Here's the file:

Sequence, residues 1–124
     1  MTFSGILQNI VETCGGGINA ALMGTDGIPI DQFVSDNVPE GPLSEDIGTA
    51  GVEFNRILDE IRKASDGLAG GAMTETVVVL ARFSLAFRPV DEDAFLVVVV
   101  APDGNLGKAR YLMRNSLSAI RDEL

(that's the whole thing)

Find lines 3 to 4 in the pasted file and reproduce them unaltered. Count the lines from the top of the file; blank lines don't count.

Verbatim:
    51  GVEFNRILDE IRKASDGLAG GAMTETVVVL ARFSLAFRPV DEDAFLVVVV
   101  APDGNLGKAR YLMRNSLSAI RDEL